Was this a book you wanted to listen to all in one sitting?

    Not really. There is just too much information and I need to process it in more than one sitting.


    Any additional comments?

    Sometimes there are a few too many details and measurements, but overall this is a really good book. Maybe great, well it would be great with a few less bird details.
    I like bird stuff but what was the most amazing was side stories on other animals like the white and black moths in England etc. Wow!
    Our planet is wonderful and after reading this my commitment to taking good care of it is even stronger.
    You can never see the world the same again if you read this. We live on a beautiful planet and this book really gives a clear view of just how wonderful it is, thanks to the hard work of a lot of very patient people.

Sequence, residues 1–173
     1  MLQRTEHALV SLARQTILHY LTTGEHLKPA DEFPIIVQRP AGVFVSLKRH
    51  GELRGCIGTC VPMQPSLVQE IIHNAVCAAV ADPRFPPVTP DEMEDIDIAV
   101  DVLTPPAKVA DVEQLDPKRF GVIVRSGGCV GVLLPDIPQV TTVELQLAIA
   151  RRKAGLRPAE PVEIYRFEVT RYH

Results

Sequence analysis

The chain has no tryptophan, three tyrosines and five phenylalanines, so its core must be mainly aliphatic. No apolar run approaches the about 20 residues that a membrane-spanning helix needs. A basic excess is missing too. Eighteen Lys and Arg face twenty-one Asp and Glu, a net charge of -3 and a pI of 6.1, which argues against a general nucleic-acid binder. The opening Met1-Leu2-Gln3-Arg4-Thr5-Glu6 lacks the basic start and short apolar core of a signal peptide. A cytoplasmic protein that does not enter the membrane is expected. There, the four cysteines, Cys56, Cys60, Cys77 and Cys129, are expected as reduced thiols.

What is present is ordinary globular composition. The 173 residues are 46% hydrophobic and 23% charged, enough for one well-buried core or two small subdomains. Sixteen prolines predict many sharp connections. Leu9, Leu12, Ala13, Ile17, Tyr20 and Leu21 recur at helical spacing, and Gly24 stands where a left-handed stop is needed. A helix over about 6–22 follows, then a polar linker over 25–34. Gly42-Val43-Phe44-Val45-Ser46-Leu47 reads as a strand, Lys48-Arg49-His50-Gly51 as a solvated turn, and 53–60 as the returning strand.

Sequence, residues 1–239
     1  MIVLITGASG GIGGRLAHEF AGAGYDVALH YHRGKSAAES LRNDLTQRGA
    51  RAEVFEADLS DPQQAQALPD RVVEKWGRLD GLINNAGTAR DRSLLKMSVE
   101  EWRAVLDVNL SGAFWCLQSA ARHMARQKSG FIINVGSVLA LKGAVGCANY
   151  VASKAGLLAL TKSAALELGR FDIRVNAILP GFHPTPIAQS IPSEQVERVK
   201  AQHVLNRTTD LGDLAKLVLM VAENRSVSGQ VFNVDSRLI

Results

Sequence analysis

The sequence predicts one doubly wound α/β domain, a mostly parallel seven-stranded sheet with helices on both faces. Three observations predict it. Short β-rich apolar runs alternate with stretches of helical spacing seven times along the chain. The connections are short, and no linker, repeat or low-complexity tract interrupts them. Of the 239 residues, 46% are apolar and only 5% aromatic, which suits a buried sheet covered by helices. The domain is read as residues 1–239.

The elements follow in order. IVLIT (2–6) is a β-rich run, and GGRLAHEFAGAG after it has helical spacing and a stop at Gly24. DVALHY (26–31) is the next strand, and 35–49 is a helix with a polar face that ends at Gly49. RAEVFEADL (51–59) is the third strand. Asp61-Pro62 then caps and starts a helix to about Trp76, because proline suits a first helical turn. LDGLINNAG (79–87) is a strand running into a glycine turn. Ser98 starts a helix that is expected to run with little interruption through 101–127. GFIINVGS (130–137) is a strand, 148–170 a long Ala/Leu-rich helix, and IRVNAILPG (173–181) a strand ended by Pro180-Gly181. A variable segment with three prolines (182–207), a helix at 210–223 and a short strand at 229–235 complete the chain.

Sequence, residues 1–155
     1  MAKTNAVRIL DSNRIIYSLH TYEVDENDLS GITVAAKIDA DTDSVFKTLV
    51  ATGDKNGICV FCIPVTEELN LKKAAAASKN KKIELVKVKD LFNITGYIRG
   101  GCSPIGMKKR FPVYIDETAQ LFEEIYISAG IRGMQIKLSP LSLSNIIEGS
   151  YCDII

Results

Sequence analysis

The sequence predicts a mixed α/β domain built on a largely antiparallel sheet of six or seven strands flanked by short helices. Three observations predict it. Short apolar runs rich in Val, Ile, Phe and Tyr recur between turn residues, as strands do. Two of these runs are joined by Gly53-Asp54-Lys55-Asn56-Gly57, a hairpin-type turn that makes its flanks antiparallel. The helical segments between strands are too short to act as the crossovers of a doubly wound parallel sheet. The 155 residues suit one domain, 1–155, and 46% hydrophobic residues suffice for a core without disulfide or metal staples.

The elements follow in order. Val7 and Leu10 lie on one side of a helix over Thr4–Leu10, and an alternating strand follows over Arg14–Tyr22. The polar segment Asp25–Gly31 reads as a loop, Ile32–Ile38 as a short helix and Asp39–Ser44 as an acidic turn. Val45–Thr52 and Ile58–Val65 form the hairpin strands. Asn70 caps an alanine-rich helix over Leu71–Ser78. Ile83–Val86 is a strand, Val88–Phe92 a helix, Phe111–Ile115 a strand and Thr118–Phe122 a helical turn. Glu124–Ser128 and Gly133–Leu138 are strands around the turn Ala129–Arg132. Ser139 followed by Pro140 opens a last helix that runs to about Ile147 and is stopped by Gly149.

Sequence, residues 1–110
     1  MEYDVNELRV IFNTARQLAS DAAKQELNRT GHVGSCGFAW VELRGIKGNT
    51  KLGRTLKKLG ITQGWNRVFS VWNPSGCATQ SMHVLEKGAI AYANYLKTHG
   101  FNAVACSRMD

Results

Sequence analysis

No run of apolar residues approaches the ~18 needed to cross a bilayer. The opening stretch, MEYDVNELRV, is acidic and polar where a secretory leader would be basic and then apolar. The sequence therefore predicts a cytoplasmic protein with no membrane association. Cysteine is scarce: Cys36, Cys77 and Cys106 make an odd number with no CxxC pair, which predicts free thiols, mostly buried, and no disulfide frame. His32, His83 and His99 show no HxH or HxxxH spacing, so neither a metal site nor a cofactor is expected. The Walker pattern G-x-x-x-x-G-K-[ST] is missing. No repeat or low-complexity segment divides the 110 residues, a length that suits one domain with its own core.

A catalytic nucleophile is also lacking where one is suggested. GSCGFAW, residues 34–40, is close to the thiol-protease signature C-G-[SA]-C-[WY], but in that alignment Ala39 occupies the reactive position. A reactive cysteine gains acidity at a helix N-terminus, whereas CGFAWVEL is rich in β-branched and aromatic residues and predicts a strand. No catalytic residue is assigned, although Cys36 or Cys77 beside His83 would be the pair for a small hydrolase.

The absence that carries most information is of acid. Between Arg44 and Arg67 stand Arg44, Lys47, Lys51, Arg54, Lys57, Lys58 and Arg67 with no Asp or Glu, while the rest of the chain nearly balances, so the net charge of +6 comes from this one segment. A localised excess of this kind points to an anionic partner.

5 of 5 people found this review helpful
  •  
    Eric San bernardino, CA, United States 10-21-11
    Eric San bernardino, CA, United States 10-21-11 Member Since 2003
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    "Excellent Info, sometimes a bit too much"

    The book was excellent and really detailed, which was good to a point. I don't know what I would have cut as an editor because it was an insightful examination of the Finches and other examples of speciation, but I found that at the halfway point I found myself thinking "really only I am only half way through the book? I could teach a course on this from the information that I have been given so far. What more could they possibly have to say?" Then the author would give me more great information that backed what he was saying.